It’s now pretty clear that BP, Transocean, Halliburton and their government regulator could have done much more to minimize deep well drilling risks in the Gulf.
Despite known blow-out risks from the pressure, temperature, and underground forces associated with deep well drilling, BP had scoffed at risks of a major spill. BP also chose to avoid the expense of installing a failsafe “acoustic” device for its 18,000-foot deep well.
Likewise, the Department of Interior’s Minerals Management Service (MMS) that regulates off-shore drilling provided loose oversight. Anderson Cooper reported MMS was in bed, even literally, with big oil. Bowing to political pressure, MMS also chose not to require acoustic devices (as Brazil and Norway do), saying they “tend to be very costly.”
How familiar this story sounds.
Despite significant risks surrounding collateralized debt obligations and derivatives, big banks, the Federal Reserve, and the Securities and Exchange Commission failed to put safeguards in place that would have prevented the financial crisis.
The consequences of both sets of ill-advised business decisions weigh heavily upon us today, especially our Gulf Coast friends.
While the fault clearly lies with the greed of a few big businesses abetted by the negligence of federal regulators, all businesses will suffer if the result is oppressive government regulation.
Don’t get me wrong, government has a vital role to protect the public from significant risks. Numerous incidents have shown government oversight is necessary to protect our food supply, provide automobile and airline safety, ensure safe prescription drugs, and more.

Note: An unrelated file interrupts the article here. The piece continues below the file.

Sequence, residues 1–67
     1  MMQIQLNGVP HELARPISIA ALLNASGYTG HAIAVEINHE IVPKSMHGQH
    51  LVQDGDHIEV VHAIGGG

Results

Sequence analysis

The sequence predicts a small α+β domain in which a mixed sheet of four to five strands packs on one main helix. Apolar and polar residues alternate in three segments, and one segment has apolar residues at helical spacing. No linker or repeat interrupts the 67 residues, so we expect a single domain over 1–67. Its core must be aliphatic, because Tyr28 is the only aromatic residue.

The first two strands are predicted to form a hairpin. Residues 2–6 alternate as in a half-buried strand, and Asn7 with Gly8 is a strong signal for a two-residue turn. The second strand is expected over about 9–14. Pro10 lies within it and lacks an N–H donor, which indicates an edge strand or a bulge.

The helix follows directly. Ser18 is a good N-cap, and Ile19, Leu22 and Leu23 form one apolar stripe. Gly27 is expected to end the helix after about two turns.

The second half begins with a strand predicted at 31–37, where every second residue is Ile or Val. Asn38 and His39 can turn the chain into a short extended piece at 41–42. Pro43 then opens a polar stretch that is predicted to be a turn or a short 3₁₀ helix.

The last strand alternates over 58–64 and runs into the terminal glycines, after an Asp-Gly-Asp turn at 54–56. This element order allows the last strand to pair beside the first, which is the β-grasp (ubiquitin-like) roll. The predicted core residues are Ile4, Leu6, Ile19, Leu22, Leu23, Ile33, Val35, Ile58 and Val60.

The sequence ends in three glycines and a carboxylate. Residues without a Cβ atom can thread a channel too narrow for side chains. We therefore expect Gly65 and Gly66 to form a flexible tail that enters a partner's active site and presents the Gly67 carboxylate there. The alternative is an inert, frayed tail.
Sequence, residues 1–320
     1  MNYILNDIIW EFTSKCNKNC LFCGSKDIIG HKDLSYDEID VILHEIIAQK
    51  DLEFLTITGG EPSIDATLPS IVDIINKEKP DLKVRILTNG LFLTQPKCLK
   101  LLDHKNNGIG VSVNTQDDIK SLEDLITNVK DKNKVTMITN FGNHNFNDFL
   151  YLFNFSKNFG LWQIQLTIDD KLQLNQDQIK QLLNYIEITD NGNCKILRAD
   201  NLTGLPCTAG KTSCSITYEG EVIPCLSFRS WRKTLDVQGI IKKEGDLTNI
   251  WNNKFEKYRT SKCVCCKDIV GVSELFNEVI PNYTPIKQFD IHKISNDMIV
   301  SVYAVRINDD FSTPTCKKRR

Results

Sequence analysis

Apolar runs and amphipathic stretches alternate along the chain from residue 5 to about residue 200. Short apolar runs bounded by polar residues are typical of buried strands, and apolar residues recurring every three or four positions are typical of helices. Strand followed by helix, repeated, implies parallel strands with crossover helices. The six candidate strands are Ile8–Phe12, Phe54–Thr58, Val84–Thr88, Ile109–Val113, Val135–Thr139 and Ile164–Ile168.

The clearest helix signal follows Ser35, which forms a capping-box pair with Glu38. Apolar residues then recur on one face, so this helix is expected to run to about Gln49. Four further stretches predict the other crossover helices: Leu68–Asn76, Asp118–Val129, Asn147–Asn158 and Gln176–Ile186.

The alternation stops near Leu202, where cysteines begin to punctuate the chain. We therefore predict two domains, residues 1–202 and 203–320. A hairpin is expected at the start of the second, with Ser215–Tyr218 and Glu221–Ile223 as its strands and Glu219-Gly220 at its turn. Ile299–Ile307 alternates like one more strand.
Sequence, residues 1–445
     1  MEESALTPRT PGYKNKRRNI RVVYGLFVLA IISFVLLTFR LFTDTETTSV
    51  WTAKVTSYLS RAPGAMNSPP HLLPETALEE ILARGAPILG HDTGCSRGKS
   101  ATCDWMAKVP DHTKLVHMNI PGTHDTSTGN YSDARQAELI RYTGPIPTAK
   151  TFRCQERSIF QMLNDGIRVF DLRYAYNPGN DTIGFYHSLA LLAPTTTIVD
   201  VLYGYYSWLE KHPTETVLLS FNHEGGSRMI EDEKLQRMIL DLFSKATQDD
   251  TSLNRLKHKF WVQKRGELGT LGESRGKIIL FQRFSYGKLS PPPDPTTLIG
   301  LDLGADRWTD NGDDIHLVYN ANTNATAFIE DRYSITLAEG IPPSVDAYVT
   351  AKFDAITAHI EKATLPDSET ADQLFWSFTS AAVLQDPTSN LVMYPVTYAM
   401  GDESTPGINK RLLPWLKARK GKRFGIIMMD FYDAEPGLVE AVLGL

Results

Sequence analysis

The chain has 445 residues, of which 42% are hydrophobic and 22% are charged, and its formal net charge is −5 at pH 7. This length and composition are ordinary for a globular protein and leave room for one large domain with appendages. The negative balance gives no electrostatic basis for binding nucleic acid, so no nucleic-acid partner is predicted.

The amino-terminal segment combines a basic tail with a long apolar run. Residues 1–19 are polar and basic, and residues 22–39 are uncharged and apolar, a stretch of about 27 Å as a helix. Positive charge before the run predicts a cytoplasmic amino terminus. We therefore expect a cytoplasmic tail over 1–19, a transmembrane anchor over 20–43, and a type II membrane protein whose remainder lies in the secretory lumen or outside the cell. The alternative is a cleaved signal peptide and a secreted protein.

At the same time, business, the engine of prosperity in our free market system, must be sufficiently unencumbered to produce and sell goods, deliver services, create jobs, and, thereby, create and distribute wealth.
Ideally, a proper balance should exist between the two, with government encouraging business activity and providing just enough regulation to keep business in-line and major risks under control, and with business innovating, expanding, and producing while prudently managing risks.
Both sides have a responsibility to achieve and maintain this balance.
Such balance does not occur naturally. Rather, it results from a constant tug of war among special interests and government. Business and its advocates seek to minimize regulations and their inherent costs. Consumer and environmental advocates constantly seek stronger regulations. Labor wants its say. Local, state, and national government agencies have varied interests.
Like democracy, the process isn’t pretty, but most of the time it operates in reasonable balance. It fails when those in charge let it fail through negligence, incompetency, or greed.
Deep off-shore drilling, and financial derivative trading, should – and must – continue since they are vital elements of our modern economy, but only with the appropriate reliable, government imposed safeguards. Risky business as usual cannot continue.
Bill Crawford is a former legislator from Meridian. Contact Crawford at email@example.com.